Inmate firefighters arrive at the scene of California's Water fire. Photo: Josh Edelson/AFP via Getty Images

California Gov. Gavin Newsom (D) signed a law on Friday that will allow some inmates who volunteer as firefighters to have their records expunged, making it easier for them to become professional firefighters after being released from prison.

Why it matters: Inmate firefighters play a pivotal role in battling blazes across the state, but once released, they are required to disclose their convictions when applying for jobs, making it harder to get hired.

What he's saying: "CA’s inmate firefighter program is decades-old and has long needed reform," Newsom tweeted Friday, along with a picture of him signing the law surrounded by a scorched area.

  • "Inmates who have stood on the frontlines, battling historic fires should not be denied the right to later become a professional firefighter."

The big picture: About 3,700 incarcerated people are part of California's inmate firefighter program, with roughly 2,600 qualified to work fire lines.

  • More than 14,800 firefighters are currently fighting 28 major wildfires burning across California, according to Cal Fire.
  • At least 10 people have died in the the North Complex fire, which has destroyed or damaged about 2,000 structures, per AP.
  • The August Complex, currently raging north of Sacramento, is the biggest wildfire event in California history, consuming more than 746,607 acres.

Worth noting: Inmates convicted of serious crimes including, rape, murder, kidnapping or arson, will not be eligible for having their records expunged.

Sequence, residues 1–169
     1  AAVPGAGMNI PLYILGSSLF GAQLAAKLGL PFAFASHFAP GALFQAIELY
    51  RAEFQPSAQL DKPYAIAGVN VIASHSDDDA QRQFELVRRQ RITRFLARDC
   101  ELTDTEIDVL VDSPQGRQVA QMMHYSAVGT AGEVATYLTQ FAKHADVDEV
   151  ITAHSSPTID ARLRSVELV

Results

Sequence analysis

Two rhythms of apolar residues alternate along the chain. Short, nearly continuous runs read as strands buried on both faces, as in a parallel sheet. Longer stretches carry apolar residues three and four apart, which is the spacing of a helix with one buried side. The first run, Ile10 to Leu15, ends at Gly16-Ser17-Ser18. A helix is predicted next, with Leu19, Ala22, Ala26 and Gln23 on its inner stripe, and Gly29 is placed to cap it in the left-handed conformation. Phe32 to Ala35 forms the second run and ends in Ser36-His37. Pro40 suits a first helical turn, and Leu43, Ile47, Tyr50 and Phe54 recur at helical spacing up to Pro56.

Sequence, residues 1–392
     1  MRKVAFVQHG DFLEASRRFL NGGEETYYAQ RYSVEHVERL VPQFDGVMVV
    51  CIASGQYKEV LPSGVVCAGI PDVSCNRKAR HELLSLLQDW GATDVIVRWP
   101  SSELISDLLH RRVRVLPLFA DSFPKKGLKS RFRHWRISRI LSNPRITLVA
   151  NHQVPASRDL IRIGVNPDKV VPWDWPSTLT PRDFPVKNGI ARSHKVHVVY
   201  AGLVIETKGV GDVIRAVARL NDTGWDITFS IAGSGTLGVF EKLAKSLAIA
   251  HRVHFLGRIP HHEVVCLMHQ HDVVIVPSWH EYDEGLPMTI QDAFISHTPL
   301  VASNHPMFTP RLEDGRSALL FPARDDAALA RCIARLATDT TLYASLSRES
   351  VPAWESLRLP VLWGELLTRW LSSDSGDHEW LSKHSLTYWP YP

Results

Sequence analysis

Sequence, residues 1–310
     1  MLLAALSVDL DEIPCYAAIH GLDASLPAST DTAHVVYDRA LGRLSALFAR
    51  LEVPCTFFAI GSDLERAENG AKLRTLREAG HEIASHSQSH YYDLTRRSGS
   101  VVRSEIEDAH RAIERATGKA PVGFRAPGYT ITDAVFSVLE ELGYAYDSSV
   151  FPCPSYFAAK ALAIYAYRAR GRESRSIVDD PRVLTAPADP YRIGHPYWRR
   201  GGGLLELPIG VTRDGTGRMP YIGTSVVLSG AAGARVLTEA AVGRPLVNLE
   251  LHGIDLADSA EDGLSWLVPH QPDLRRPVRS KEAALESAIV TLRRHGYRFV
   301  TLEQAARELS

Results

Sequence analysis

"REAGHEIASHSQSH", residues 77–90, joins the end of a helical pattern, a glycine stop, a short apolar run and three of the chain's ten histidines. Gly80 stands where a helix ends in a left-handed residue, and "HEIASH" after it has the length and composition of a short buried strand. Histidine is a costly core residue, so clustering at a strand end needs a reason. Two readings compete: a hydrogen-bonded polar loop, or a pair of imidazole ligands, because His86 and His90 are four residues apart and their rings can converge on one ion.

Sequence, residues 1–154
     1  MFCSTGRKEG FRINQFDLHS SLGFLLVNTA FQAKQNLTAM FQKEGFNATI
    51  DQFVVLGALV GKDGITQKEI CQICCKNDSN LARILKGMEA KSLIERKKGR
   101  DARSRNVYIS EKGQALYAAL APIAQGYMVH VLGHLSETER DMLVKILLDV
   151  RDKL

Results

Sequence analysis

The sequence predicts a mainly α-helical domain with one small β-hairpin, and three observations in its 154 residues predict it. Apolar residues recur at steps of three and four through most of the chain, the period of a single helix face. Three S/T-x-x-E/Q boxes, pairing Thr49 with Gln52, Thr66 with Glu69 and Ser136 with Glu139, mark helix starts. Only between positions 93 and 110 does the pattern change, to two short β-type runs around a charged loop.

Inmate crews set backfires to heavy brush as firefighters try to keep the 2019 Easy fire from crossing the road. Photo:  Brian van der Brug/ Los Angeles Times via Getty Images
Inmate firefighters walk the road leading to the Reagan Library during the 2019 Easy Fire in Simi Valley, California. Photo: Photo by Mark Ralston/AFP/Getty Images
Inmate firefighters take a break while battling the 2019 Kincade Fire in Healdsburg, California. Photo: Justin Sullivan/Getty Images
A crew of inmate firefighters takes a break during firefighting operations to battle the 2019 Kincade Fire in Healdsburg, California. Photo: Philip Pacheco/AFP via Getty Images

Go deeper

Bryan Walsh, author of Future
Sep 16, 2020 - Energy & Environment

Fighting fire with fire

A firefighter works on the scene of a wildfire in California on Sept. 15. Photo: Ringo Chiu/AFP via Getty Images

The catastrophic wildfires in parts of the West are a product of climate change, but also decades of failure to use controlled fire to reduce fuel load.

Why it matters: Warming temperatures in the years ahead will only intensify the climatic conditions that can lead to massive wildfires. That puts more pressure to scale up land management techniques that can clear overgrown forests before they ignite.

Biden: The next president should decide on Ginsburg’s replacement

Joe Biden. Photo: Drew Angerer / Getty Images

Joe Biden is calling for the winner of November's presidential election to select Ruth Bader Ginsburg's replacement on the Supreme Court.

What he's saying: "[L]et me be clear: The voters should pick the president and the president should pick the justice for the Senate to consider," Biden said. "This was the position the Republican Senate took in 2016 when there were almost 10 months to go before the election. That's the position the United States Senate must take today, and the election's only 46 days off.

Trump, McConnell to move fast to replace Ginsburg

Photo: Alex Wong/Getty Images

President Trump will move within days to nominate his third Supreme Court justice in just three-plus short years — and shape the court for literally decades to come, top Republican sources tell Axios.

Driving the news: Senate Majority Leader Mitch McConnell and Senate Republicans are ready to move to confirm Trump's nominee before Election Day, just 46 days away, setting up one of the most consequential periods of our lifetimes, the sources say.